Emilio J. Castilla is the NTU professor of management at the MIT Sloan School of Management. He joined MIT in 2005, after being a faculty member in the Management Department at the Wharton School of Business, University of Pennsylvania. He is currently the head of the Work and Organization Studies Group. He is also a faculty member of the Institute for Work and Employment Research at MIT, and a research Fellow at the Center for Human Resources at the Wharton School. He received his post-graduate degree in Business Analysis from the Management School in Lancaster University (UK) and his Ph.D. in Sociology from Stanford University.
Professor Castilla studies how social and organizational processes influence key employment outcomes over time. He tackles his research questions by examining different empirical settings with longitudinal datasets, both at the individual and company levels. His focus is on the screening, hiring, development, and job mobility of employees within and across organizations and locations, as well as on the impact of teamwork and social relations on performance and innovation. Recently, given the widely popular goals of promoting meritocracy and creating opportunity inside institutions, his work has focused on the role that merit and merit-based work practices play in shaping employees’ careers in today’s workplace. He has published chapters in several books as well as articles in a number of scholarly journals. Examples of recent articles include Achieving Meritocracy in the Workplace, Sloan Management Review (2016); Accounting for the Gap: A Firm Study Manipulating Accountability and Transparency in Pay Decisions, Organization Science (2015); House of Green Cards: Statistical or Preference-based Inequality in the Employment of Foreign Nationals (with Rissing), American Sociological Review (2014); and The Paradox of Meritocracy in Organizations (with Benard), Administrative Science Quarterly (2010). He has also written a book on the use of longitudinal methods in social science research titled Dynamic Analysis in the Social Sciences (published by Academic Press/Elsevier). He received the W. Richard Scott Award for Distinguished Scholarship in 2001 and the Outstanding Publication in Organizational Behavior Award in 2011.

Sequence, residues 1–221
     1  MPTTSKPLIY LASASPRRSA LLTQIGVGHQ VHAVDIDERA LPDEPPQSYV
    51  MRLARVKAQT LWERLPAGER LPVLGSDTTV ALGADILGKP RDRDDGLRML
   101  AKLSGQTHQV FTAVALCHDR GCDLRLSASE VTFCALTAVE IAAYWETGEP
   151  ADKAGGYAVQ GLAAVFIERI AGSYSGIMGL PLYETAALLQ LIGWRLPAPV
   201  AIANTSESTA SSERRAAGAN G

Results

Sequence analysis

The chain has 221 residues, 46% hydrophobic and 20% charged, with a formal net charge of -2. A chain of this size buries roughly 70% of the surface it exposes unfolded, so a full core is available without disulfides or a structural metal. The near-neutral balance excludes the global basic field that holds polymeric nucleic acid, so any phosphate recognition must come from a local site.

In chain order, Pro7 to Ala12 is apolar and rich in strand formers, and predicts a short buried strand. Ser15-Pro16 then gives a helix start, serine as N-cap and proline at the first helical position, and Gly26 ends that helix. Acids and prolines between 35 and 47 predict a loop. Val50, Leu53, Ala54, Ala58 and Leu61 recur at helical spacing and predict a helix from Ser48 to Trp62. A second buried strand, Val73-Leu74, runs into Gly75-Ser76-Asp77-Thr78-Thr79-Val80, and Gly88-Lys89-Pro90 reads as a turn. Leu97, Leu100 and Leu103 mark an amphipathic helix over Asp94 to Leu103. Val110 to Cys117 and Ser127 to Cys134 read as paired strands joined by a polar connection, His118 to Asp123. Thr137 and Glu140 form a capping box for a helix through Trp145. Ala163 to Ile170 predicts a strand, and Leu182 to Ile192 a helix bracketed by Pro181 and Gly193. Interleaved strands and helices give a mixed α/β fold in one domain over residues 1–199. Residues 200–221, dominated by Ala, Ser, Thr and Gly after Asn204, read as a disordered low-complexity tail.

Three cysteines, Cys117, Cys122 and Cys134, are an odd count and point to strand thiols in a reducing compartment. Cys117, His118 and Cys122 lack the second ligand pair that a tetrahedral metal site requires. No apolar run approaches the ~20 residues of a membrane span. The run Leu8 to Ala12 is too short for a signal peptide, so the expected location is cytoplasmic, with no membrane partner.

Professor Castilla has taught in various degree programs at MIT Sloan, the Wharton School, and a number of other international universities. His teaching interests include Strategic Human Resource Management, Leading Successful Organizations, Career Management, and Strategies for People Analytics. In addition to teaching full time MBA and executive courses, he has taught several PhD-level seminars. For more information, visit his web page.